Anfield – Liverpool FC Stadium Guide
Address: Anfield Road, Anfield, Liverpool, L4 0TH
|Liverpool Football Club
|Everton (Merseyside Derby), Manchester United (Northwest Derby)
|53,027 (2022 average)
|61,905 (vs. Wolverhampton Wanderers, February 2, 1952)
|101 meters x 68 meters
|Liverpool at Anfield
|Clubs Using Anfield
|Liverpool Football Club (since 1892), Everton (1884-1892)
|Biggest Win at Anfield
|11-0 (vs. Stoke City, 1895 and Rotherham Town, 1896)
|Ian Rush (346 goals)
|Ian Callaghan (857 appearances)
|Fenway Sports Group (headed by John W. Henry)
|Standard Chartered Bank
Anfield Seating Plan
The Kop: Consisting of entirely pitch side viewing with 36 wheelchair spaces, The Kop has a capacity of roughly 12,390 under a roofed single tier.
Sir Kenny Daglish Stand: Elevated viewing position with a capacity of roughly 11,411. Previously known as The Centenary Stand, now named after Liverpool’s former player and manager, The Sir Kenny Daglish Stand holds the best hospitality seats in the stadium and is roofed two tier stand with space for 40 wheelchairs.
Anfield Road Stand: Two tier roofed stand that holds 9,116. Away fans are housed in blocks 121,122,123 and 124 during games. Currently being expanded to hold another 4,900 seats. Holds 36 wheelchair spaces.
Main Stand: Consisting of both pitch side and elevated viewing positions, The Main Stand holds 20,676 seats after an additional 8,500 were added during the expansion throughout the 2016/17 season. It also holds the dugouts, tunnel and some hospitality areas in addition to 111 wheelchair spaces.
Liverpool Ticket Prices & Where to Buy
How to Buy Liverpool Tickets
The easiest way to get tickets is to be a member of LFC as demand typically exceeds supply for Liverpool games. For Premier League games any tickets that are left over will go on general sale roughly 1 week before the game and you can find details here. These tickets can only be purchased online.
For cup games tickets usually are taken up by season ticket holders and members before they reach general sale. Again these will be advertised on the website should any come available a week before the game.
There are also third party ticket websites that will offer limited tickets, such as;
If you want to guarantee you get a to a specific game without being a member or season ticket holder then Hospitality tickets are the way to go but the price means this isn’t always an option.
Liverpool FC Ticket Prices 23/24 Season:
|£524.25 – £664.50
|Disabled (+ 1 assistant)
Getting to Anfield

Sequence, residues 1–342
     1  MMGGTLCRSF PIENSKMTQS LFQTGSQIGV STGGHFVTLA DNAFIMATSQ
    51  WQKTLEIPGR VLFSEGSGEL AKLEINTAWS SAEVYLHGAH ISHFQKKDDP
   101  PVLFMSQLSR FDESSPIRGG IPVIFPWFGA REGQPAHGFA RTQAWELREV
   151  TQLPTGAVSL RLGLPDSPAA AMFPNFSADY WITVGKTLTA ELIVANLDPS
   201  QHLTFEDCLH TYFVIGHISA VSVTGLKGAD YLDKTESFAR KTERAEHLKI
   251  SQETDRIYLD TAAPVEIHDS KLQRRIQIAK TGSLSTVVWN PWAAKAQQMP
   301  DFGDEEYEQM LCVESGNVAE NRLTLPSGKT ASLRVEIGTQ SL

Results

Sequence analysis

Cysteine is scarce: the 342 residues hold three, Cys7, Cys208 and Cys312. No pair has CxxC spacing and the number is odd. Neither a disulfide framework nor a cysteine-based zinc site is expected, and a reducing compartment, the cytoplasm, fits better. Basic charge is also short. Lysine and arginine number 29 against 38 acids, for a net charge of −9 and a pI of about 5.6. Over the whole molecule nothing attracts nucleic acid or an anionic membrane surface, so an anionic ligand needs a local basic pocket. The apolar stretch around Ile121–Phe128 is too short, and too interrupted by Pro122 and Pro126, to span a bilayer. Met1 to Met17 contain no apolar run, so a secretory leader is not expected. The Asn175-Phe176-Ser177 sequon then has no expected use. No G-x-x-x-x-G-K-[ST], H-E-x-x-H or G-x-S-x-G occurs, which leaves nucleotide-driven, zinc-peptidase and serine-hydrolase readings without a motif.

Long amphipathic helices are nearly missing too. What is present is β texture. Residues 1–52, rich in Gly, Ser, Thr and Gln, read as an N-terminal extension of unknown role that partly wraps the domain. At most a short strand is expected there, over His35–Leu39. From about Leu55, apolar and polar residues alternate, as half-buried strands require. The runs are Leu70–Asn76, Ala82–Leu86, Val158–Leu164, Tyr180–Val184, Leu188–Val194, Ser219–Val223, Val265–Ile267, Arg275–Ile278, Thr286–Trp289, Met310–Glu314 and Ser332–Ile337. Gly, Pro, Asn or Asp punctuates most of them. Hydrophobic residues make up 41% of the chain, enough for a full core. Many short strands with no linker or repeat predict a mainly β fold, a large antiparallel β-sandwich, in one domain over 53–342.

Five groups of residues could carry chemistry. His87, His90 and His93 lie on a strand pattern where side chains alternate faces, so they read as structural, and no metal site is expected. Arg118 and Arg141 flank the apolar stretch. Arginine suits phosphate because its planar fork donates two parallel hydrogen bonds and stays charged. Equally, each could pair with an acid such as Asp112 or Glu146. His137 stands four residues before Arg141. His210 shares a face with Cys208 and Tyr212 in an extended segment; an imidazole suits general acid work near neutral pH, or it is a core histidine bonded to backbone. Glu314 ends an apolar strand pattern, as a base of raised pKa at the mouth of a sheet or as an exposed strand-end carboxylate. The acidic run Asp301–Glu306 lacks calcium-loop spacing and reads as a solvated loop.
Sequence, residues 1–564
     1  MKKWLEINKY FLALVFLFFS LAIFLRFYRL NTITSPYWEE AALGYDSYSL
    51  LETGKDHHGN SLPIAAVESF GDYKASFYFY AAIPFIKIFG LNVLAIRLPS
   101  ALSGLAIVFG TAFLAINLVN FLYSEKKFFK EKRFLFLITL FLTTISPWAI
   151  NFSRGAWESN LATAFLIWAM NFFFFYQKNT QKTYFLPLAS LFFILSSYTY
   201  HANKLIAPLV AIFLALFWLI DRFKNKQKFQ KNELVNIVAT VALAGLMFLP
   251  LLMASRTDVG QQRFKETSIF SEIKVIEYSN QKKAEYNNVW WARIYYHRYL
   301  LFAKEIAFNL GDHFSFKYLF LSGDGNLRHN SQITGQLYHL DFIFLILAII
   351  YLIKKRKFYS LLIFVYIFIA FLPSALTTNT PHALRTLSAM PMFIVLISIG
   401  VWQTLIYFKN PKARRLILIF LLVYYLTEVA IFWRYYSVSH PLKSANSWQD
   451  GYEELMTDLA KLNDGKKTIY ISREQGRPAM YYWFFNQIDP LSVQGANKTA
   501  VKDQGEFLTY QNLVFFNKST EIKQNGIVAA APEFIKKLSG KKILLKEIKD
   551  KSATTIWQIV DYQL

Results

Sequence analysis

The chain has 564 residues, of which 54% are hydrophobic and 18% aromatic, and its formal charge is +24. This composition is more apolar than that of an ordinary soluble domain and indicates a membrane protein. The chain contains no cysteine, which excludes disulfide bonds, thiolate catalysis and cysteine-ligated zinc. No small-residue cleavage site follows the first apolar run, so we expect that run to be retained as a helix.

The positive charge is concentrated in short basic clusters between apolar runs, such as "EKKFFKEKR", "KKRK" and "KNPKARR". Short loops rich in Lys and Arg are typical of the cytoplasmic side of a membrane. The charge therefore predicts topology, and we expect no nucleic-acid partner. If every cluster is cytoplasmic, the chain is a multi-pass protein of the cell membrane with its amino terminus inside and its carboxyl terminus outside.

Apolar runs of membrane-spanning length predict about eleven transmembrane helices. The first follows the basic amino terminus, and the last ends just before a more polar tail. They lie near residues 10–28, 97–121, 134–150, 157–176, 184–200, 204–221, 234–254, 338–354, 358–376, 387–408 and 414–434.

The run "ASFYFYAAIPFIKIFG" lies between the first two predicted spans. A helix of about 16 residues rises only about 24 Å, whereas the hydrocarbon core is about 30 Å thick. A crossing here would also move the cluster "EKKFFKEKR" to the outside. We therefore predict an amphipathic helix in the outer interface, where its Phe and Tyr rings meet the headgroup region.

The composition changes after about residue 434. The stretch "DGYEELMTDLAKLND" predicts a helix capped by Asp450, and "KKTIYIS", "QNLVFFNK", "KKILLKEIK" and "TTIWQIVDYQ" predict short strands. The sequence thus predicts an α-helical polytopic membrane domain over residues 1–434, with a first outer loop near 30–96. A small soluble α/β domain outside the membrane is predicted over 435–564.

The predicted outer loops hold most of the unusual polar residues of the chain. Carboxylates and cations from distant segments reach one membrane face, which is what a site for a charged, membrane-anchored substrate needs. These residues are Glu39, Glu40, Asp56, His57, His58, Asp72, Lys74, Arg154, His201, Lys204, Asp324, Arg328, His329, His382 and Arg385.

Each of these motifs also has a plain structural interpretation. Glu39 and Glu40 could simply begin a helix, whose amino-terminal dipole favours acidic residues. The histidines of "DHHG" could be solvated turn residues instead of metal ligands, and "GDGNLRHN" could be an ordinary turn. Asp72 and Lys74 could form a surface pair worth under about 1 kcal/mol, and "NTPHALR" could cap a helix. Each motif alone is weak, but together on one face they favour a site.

Car Parking: Advised to book car parking when you book your tickets. If arriving from the North best access is from M6 onto M58 and then the A59 before heading to Queen’s Drive, heading right at the Walton junction onto the A580 and then left at next roundabout onto Priory Road, cutting through Stanley Park.
From the South approach up the M6, across on the M62, follow Queen’s drive ring road until the left turn on to Utting Avenue which will take you straight to Stanley Park Car Park.
Local residents have permits which mean you will struggle to find free parking anywhere near the stadium. You can find what is available here https://www.justpark.com/
Train: No local train station serving the stadium but there is a shuttle bus running from Sandhills Station before and after games.
Taxi: Should take ~10 minutes from the city centre.
Bus: 917 shuttle bus service from Commutation Row, Lime Street and St Georges Plateau and should take about 15-20 minutes on matchday. You can also get the number 6 from Liverpool ONE bus station, or number 17 from Queen Square Bus Station
From John Lennon Airport: 10 minutes from the ground if you take a taxi. Alternatively you can get on the 80A or 86A to Sandhills station and jump on the shuttle bus mentioned above.
Hotels & Bars Near Anfield
The Sandon, L5 1AE – Dating back to the 1870’s The Sandon is the birthplace of Liverpool FC and is handily situated on Oakfield Road en-route to the stadium. You can’t miss it thanks to the Steven Gerrard mural added to the side of the pub in 2021.
The Park, L4 0RQ – Just outside Anfield and always a great atmosphere on matchdays that many regulars visits.
Arkles, L4 0TJ – Well known as the away fans pub. A great atmosphere showing live sport and offers plenty of food choices.
The King Harry, L4 0RY – Amazing atmosphere on match days, head here if you want plenty of singing and banter. A proper match day experience!
There are plenty of choices around the stadium and obviously in Liverpool itself, here are a few we picked out for convinience:
Hotel Anfield, 23 Anfield Road, L4 0TE – 0800 689 1267